“The anti-inflammatory properties of a hemp-based CBD lotion or salve can help increase the benefits of massage for pain management and injury recovery for muscles and ligaments,” Leibin said. “This can also promote enhanced sleep for further benefits.”

But what about the massage therapists who are rubbing CBD or THC into a client with their hands? What effects do they feel?

Zeer said he’s given hundreds of such massages and hasn’t experienced any negative or surprising effects.

“I have never experienced getting high or a negative reaction on my hands,” he said. “I have felt some relaxation—and my aches and pains in the thumbs, wrists and fingers, I feel less pain. I feel more relaxed.”

At Fahrenheit Spa, Frisselle said, massage therapists are in charge of saying “no more” CBD massage sessions on any given day.

“We’ve made rule at our spa that if a therapist is feeling too groggy or tired, they can put their foot down and say, ‘I’m not doing that add-on anymore today.’ It is a high amount of CBD they’re being exposed to.”

Quality Control

With so many CBD topicals flooding the market, how can a massage therapist know what to use?

Zeer said he has tried virtually every CBD topical in order to find just a couple that he feels confidence in.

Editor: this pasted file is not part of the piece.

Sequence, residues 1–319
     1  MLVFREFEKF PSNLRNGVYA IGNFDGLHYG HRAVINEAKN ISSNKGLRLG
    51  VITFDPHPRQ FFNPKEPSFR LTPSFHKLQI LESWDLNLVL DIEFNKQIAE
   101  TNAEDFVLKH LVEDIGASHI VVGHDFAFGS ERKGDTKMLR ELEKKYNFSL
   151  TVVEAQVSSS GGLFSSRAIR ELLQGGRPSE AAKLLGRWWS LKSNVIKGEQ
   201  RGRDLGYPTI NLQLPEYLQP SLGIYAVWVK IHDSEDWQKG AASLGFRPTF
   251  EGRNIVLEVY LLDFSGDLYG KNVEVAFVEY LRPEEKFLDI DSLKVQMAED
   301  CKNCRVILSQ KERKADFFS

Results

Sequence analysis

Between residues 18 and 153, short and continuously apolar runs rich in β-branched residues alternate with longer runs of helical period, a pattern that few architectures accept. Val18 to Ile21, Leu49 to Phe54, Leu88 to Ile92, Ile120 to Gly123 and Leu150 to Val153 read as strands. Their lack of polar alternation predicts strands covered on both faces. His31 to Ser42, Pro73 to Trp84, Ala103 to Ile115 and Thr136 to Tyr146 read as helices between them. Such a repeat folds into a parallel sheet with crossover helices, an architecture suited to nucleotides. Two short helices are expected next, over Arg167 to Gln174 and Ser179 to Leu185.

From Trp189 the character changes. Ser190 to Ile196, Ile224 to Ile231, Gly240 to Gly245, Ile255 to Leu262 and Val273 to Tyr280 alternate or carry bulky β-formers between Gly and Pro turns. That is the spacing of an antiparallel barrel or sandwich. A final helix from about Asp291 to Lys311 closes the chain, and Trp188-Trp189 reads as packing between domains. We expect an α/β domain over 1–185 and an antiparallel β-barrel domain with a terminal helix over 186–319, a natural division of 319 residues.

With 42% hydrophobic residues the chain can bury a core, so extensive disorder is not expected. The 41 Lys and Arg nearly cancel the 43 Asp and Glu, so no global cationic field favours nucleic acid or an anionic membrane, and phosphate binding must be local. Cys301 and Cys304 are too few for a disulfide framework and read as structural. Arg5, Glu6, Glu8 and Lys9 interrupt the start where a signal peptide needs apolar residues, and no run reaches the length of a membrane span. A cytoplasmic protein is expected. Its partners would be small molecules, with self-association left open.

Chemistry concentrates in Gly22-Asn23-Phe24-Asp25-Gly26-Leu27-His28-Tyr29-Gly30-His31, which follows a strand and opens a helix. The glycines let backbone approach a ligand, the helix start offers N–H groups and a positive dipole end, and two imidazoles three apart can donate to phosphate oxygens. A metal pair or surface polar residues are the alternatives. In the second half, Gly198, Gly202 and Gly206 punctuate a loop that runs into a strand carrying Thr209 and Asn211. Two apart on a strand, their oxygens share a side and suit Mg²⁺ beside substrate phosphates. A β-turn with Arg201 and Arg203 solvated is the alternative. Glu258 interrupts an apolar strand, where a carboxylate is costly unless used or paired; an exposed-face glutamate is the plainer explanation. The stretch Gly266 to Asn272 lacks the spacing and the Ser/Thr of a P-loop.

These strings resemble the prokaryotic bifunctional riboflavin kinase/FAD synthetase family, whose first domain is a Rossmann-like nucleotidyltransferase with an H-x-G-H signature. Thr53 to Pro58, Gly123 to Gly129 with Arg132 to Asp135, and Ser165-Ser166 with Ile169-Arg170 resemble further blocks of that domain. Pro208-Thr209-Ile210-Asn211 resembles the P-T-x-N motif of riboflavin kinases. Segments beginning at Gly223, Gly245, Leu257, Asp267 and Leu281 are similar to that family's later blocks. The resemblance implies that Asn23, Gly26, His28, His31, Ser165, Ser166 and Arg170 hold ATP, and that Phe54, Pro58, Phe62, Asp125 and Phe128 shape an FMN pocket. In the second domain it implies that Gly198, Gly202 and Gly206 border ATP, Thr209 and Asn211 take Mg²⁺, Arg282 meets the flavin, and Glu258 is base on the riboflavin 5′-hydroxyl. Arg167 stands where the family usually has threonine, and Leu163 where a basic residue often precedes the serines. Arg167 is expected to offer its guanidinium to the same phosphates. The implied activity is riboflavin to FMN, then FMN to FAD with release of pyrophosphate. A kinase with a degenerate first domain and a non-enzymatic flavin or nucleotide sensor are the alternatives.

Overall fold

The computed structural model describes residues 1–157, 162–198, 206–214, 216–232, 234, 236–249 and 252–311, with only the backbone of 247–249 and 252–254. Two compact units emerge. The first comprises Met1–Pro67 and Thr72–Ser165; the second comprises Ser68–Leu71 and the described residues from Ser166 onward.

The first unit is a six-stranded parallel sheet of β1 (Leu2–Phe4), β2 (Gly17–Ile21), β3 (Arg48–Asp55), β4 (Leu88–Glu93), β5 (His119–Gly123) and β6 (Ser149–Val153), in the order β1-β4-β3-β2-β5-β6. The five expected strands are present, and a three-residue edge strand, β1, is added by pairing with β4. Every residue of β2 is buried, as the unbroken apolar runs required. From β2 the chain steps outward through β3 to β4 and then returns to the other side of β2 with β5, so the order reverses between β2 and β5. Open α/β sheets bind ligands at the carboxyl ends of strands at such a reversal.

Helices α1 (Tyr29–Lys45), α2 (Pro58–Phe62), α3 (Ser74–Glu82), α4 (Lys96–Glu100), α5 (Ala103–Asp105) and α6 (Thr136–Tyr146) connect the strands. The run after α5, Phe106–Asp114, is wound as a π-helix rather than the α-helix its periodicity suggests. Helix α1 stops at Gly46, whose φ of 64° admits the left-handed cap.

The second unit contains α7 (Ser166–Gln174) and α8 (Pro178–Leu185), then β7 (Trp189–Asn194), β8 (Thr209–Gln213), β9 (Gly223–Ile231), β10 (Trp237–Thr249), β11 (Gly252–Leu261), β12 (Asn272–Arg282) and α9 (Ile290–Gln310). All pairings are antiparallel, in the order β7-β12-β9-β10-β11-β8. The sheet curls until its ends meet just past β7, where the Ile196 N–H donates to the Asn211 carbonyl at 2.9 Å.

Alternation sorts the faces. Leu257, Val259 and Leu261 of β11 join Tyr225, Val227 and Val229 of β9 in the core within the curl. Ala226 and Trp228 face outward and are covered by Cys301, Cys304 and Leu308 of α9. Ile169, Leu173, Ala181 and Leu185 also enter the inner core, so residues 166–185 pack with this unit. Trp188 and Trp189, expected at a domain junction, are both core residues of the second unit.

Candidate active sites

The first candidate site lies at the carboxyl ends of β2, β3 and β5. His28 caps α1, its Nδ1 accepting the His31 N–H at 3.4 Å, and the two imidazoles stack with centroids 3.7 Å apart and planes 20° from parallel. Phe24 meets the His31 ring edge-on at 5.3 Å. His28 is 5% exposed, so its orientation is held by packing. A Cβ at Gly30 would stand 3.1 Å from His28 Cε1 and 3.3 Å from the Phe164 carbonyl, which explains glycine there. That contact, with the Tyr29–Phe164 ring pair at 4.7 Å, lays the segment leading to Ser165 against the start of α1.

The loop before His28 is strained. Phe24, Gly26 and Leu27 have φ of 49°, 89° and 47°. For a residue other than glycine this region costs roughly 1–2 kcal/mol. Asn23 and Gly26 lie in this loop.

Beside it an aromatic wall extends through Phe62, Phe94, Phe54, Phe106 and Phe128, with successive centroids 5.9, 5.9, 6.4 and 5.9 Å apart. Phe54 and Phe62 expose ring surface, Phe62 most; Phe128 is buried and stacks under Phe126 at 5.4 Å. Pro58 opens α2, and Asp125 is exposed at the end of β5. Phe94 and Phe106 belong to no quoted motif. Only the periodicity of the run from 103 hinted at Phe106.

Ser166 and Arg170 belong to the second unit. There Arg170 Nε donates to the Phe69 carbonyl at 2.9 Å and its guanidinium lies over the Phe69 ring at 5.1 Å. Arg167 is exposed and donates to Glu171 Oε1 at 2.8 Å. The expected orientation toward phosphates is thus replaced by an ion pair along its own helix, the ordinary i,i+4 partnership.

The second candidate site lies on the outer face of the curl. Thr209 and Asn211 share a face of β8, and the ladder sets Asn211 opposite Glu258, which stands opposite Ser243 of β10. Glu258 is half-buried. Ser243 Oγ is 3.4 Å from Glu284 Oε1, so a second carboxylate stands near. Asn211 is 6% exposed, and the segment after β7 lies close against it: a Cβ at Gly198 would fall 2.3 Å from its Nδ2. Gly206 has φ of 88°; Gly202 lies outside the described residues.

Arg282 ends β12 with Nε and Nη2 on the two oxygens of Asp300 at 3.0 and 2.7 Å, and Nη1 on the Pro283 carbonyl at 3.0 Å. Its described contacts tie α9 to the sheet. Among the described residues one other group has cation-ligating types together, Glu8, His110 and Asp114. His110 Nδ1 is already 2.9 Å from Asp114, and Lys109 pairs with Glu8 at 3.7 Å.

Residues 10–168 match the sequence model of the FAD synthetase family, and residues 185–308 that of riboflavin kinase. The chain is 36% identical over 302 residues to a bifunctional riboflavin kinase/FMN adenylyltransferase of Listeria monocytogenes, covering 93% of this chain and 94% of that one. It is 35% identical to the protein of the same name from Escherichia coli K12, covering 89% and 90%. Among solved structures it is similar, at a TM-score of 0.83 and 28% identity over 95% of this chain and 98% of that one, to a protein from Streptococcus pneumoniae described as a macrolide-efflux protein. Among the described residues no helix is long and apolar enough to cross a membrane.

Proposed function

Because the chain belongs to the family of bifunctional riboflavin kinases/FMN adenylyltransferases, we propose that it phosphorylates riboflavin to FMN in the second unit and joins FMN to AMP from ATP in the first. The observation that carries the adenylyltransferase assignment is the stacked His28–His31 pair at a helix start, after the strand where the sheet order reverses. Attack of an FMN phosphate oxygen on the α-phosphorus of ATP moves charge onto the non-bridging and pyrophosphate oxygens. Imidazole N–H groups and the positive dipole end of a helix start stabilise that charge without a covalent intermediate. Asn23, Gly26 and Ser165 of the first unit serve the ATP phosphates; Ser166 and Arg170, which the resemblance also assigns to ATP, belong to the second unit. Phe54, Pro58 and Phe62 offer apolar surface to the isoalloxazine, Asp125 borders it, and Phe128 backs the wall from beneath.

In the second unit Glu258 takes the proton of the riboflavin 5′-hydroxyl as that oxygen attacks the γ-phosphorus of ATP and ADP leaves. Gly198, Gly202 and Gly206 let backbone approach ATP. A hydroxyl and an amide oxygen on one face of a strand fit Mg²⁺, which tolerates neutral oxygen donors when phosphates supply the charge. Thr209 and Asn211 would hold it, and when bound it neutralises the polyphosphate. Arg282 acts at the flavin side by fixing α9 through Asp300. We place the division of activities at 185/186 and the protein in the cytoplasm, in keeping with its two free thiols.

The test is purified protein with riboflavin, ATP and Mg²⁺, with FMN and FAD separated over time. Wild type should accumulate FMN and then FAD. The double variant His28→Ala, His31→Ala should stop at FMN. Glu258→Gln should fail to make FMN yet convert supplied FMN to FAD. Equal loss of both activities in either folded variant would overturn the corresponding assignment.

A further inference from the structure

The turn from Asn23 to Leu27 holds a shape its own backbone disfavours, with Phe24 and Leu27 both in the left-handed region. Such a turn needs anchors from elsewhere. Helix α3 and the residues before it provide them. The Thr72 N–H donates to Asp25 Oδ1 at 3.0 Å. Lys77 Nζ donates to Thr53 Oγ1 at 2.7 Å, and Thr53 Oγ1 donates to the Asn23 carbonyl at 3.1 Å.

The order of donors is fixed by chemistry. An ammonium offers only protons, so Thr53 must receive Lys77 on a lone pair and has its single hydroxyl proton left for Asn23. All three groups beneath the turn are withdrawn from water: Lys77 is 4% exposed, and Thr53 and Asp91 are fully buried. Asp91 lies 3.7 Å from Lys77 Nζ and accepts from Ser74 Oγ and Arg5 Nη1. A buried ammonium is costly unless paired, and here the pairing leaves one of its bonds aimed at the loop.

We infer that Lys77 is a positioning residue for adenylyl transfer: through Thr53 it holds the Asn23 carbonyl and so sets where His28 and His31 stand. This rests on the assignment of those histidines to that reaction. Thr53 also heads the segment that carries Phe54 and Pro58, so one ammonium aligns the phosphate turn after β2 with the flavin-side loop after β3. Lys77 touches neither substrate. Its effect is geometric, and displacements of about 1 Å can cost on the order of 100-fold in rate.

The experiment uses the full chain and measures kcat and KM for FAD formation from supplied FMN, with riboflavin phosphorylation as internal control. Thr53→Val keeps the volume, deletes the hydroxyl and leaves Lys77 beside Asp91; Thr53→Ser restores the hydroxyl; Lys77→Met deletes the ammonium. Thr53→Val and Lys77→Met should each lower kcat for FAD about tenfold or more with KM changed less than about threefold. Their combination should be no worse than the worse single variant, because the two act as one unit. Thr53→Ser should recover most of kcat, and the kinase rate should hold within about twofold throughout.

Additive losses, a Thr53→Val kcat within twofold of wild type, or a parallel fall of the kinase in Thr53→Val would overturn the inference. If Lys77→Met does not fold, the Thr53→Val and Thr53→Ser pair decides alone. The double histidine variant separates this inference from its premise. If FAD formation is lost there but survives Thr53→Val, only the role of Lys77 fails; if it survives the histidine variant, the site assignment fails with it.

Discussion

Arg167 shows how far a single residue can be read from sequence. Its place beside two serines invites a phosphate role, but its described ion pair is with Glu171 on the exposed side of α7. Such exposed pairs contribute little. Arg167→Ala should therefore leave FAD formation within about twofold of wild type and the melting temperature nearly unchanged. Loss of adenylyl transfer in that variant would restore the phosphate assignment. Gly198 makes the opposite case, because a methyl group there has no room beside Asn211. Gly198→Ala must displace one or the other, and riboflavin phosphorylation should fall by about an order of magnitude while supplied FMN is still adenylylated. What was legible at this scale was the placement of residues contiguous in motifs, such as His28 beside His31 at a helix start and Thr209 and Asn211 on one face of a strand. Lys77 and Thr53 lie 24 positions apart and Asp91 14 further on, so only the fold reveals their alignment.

“It’s a Wild West as far as product quality,” he said. “I’m finding a broad range of products. Heavy research and due diligence is a gift [to clients].” Then, he added, massage therapists can also make more money by selling trusted CBD products to clients for self-care.

“I think the key is to be very up-front and tell clients what product you have available,” Zeer said “I think just communication is the key. If people don’t want [CBD], great. Massage is fabulous. But if people are open to try it, that’s great too.”

Frisselle said adding CBD to massage is an obvious choice.

“It increases your revenue, and from a therapist standpoint they want their client walking away as happy as possible with what they’ve experienced—and CBD is going to increase the chances of that.”

 

Karen Menehan is MASSAGE Magazine’s editor in chief. She also wrote “The MT’s Guide to Marijuana and Massage.”

Comments

comments